The third, and smallest, part (six titles) comprises émigré newspapers published by Russians in Harbin, China.

Provenance
The history of this collection is connected with the name of N.V. Iakovlev (1891-1981), a well-known literary scholar and a participant in S.A. Vengerov's Pushkin Seminar. In 1919, the Russian (Omsk) government of A. Kolchak created the Temporary Bureau of the Book Chamber and appointed Iakovlev as its director. In Omsk, on August 1, 1919, Iakovlev called for people to collect and preserve any and all printed material, "since the events we are living through have world-wide significance." The result is the world's largest collection of regional White Movement newspapers and leaflets. In 1920, the collection was taken to Petrograd and handed over to the custody of the Petrograd Book Chamber. When, later in the same year, the capital was moved to Moscow , the collection was transferred to the Russian Public Library (now the NLR).

Finding aids
A catalogue of this collection - Nesovetskie gazety 1918-1922. Katalog sobraniia Rossiiskoi natsional'noi biblioteki. Sankt-Peterburg: Rossiiskaia natsional'naia biblioteka, 2003 - was completed by Prof. G.V. Mikheeva and published by NLR. The catalogue provides an alphabetical list of newspapers' indexes of personal names and places of publication. It is available together with the microfiche collection.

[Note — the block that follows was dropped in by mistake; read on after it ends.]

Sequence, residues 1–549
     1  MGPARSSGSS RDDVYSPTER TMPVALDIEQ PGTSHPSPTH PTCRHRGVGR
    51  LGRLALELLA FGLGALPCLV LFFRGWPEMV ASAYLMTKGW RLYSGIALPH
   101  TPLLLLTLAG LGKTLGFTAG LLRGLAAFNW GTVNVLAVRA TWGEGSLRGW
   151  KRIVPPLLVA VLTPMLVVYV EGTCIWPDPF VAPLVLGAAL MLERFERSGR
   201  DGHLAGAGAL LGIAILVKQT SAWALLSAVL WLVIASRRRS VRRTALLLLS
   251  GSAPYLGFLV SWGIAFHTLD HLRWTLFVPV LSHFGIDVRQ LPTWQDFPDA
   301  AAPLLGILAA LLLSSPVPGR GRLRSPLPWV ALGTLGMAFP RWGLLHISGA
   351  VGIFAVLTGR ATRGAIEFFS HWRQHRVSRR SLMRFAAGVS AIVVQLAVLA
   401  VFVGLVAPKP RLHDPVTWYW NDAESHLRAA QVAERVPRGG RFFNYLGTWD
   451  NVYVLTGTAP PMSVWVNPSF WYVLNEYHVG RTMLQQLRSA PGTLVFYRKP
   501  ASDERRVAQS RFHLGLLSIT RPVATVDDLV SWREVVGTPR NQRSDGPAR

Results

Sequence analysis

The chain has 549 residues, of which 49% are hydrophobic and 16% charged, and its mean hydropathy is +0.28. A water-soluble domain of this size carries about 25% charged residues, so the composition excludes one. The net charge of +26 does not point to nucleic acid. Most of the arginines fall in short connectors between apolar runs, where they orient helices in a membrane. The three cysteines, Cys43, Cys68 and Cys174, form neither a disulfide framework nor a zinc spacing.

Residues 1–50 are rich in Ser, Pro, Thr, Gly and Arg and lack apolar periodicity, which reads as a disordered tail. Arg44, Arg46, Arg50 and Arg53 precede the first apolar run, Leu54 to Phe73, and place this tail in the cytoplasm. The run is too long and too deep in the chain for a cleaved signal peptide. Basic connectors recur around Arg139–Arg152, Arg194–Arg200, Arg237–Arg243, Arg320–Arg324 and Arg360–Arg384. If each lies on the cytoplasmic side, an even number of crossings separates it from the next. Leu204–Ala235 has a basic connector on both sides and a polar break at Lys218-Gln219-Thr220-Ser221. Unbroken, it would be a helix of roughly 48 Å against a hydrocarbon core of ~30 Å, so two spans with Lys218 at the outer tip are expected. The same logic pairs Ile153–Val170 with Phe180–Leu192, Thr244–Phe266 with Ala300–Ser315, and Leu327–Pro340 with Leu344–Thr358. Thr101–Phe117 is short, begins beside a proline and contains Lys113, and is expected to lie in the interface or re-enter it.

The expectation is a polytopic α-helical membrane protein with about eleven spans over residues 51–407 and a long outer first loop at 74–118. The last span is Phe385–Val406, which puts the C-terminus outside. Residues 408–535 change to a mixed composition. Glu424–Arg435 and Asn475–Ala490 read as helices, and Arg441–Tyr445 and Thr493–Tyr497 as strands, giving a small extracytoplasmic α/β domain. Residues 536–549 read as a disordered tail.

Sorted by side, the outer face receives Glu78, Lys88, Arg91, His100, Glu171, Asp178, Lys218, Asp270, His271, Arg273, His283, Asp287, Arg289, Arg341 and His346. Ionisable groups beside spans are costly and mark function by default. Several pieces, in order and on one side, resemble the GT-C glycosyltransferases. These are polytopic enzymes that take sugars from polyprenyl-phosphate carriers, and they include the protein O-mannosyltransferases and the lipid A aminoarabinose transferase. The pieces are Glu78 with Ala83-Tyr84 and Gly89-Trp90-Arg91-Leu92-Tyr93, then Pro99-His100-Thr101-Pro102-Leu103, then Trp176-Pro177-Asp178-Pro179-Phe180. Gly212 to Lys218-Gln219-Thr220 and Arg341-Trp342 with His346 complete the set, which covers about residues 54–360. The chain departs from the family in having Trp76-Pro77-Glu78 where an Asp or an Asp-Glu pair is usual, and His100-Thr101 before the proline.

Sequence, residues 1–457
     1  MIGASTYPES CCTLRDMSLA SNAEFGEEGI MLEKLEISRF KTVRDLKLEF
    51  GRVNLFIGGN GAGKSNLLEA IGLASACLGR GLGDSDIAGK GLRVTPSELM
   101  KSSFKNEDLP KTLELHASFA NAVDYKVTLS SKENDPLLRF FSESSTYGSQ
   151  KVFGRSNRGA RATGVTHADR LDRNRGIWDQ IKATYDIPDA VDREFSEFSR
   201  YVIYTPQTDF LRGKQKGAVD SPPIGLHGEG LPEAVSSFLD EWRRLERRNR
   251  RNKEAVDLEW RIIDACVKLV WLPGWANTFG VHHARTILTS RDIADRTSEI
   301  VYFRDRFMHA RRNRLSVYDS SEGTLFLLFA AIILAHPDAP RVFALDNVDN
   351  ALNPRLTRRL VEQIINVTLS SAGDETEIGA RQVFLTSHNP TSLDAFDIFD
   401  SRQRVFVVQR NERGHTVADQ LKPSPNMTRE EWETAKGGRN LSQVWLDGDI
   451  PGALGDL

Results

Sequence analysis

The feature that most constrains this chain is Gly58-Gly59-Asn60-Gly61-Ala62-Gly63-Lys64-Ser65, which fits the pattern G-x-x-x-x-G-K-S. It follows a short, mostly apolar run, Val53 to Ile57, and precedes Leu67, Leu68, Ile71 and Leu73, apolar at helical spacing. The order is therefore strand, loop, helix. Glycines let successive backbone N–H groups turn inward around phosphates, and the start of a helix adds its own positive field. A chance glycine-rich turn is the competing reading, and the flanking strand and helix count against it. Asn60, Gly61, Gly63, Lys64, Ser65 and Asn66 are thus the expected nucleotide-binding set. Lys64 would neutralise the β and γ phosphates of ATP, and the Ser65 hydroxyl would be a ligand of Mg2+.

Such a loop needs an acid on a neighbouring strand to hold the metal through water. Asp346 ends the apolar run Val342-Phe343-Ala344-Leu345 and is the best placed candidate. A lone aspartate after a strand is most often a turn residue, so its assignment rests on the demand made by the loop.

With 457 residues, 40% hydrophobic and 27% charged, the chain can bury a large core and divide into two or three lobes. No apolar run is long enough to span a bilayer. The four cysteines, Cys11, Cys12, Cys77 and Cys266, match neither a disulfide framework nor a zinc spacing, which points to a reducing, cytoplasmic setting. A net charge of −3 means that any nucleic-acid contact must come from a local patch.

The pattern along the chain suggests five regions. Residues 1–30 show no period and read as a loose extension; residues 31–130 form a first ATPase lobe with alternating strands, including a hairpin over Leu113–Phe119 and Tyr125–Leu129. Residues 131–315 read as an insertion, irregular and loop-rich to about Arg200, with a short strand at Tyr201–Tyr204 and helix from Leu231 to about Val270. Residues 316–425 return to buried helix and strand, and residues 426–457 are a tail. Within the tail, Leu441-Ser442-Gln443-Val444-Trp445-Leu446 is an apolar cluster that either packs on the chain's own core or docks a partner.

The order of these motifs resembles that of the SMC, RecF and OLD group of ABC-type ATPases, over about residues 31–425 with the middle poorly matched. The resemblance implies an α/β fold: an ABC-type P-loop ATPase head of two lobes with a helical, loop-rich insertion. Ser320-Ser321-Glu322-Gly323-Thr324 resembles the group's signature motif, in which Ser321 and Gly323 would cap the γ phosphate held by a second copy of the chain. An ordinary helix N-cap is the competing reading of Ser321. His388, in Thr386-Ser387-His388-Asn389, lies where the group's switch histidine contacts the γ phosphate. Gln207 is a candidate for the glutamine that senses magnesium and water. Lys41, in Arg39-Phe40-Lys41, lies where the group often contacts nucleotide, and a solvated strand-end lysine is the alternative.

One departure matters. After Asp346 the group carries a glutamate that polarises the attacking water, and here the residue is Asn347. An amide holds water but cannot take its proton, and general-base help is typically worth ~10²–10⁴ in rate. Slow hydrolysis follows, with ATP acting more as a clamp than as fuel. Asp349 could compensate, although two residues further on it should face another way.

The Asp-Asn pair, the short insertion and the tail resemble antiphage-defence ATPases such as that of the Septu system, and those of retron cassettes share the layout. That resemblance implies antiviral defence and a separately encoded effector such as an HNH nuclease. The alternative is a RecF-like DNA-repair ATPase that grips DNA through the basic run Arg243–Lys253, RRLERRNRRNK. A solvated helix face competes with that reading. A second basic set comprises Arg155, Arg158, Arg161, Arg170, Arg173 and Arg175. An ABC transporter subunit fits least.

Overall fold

Researchers who are interested in the regional spread of the newspapers can get this information from the regional subdivisions of the newspapers in the collection, which groups newspapers territorially (i.e., those published in southern Russia, Siberia, etc.). This list is available on the IDC website.

The National Library of Russia
The National Library of Russia St. Petersburg (www.nlr.ru) is one of the world's largest libraries: its collection numbers more than 32.8 million items, 6 million of which are written in a foreign language. The library possesses one of the largest collections of White Movement materials. Until recently, these newspapers were sealed in a special depository at the NLR and were unavailable to researchers. Until now, neither facsimile nor any other type of reproduction of these
The Archive of the Moscow Printing House

Everyday life in Muscovite Rus'